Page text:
What do you think was contained within that secret code? "Pavel, move your unit to the border at 1PM." Who is the boss, and who is the subordinate? Boris is the boss, obviously.

    None of that was plain text. It was all gleaned through meta data.

    NSA may as well be tapping our phones. Just the meta data alone lays our our lives like a book.

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    1. WoFat (below) was in the Army Security Agency. He did the same thing.

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    2. Yes, we called it the ASA, which later was changed to INSCOM. Same, same. Loved the ASA shoulder patch, the one with the eagle claw grasping the lightening bolt. We called it something vulgar, however.

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    3. In the navy it was the Naval Security Group. Because I had a degree in Mathematics from the Naval Postgraduate School and because my thesis dealt with fractal encryption, I was invited to change my designator from 1130 (Special Warfare Officer) to 1610 (Cryptographer). I declined.

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    4. I studied the Hungarian language for a year at the Defense Language Institute (DLI) just across Monterey Bay from the Naval Post Graduate School. Took basic training at Fort Ord, just up the road maybe 5 miles from the Naval Post Grad school. Never knew what they did in there until well after I had evacuated the area.

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    5. I always thought that you army guys demanded to be stationed at hell holes like Ft. Bliss, Ft. Sill, etc.

      Let me get this straight, you went from Ord to DLI (Monterey Bay) to -- I'm guessing now -- Ft. Belvoir, VA - to Frankfurt, Germany?

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    6. Nope, not even close. I spent 10 years on active duty (way too long), and here's how it went for me:

      Basic training, 1974 at Fort Ord.
      Hungarian training, DLI, Monterey CA 1975
      Signal Intel analyst training, Goodfellow AFB, San Angelo TX 1976
      Field Station Augsburg (ASA), West Germany 1976-1978
      Inactive Army Reserve (break in service): 1978-1980
      Re-enlist in LA, California, security hold in Ft. McClellan Alabama, 1980
      Third Armored Division (after Elvis), Frankfurt W. Germany, 1981-1984
      Intel analysis instructor, Goodfellow AFB, San Angelo TX 1984-86.

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    7. OMG, you were nearly a lifer.

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    8. Rose to the towering rank of Staff Sergeant, E-6. Perfect spot to receive holy hell from above and below. The company grade officers expected me to perform miracles with their half-assed, ill conceived orders, and the enlisted guys below me griped and grumbled that what I was telling them had to be done in X amount of time was impossible.

      I always came up with some sort of compromise that made both of these groups grumpy. No win situation for these platoon level non-commissioned officers. Couldn't stand it anymore.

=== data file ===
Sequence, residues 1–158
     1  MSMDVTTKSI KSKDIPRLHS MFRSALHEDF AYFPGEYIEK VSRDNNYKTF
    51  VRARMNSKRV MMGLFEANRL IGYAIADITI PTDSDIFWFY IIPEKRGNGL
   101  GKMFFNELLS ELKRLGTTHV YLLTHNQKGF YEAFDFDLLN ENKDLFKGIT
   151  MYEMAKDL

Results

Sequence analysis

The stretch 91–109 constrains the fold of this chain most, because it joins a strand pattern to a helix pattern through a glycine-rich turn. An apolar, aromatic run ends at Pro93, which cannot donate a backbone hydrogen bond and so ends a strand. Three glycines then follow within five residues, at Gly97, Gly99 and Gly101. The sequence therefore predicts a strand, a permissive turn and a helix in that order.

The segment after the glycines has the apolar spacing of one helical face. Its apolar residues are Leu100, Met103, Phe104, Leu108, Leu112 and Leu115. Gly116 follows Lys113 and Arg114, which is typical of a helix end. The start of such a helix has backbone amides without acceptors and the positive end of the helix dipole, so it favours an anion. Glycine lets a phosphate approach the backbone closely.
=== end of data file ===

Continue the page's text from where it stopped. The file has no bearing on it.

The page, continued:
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    9. I'm sure that your blood pressure dropped when you moved on.

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  2. Sorry sir, but if you take one more step we will have to use deadly force to see that which is not there remains secure. Antennas? What antennas? Radios? We don't got no radios! Our superior officer? I'm afraid we don't understand. Whom do you call? Try the Yellow Pages. "Yes! We have no bananas."

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    1. Yeah, but you will recall that the SEALs didn't care. Learn a foreign language? Not necessary. Just go there and kill it.

      Y'all and your fancy meta data...

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    2. And for the historical record, Mike Watson (Australian SAS) felt the same way as I did. Now that he's old, he wants to make friends but back then...

      Wild Bill took a completely different, but parallel path.

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  3. No background in these matters like you and many commentators but many years "reading" people. The cynic in me thinks if people did their jobs well, they would be out of a job.

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  4. Within our borders, it's an Obama world. As long as there's a Mooselimb in the White House we will have this problem. Welcome the Mooselimbs and future democrats with open arms to achieve the liberal utopia. Once that is achieved they will no longer be needed ... ah but guess what? It will be to late to get rid of or control. Thus there goes another Utopia (Communist Gulag) that is descend to fail.

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    1. You'd think that they'd learned from all of the failed experiments...The Middle East is one big open sewer and all of the communist nations had to rust or change... and the Chicago crowd in the White House want to try it one more time.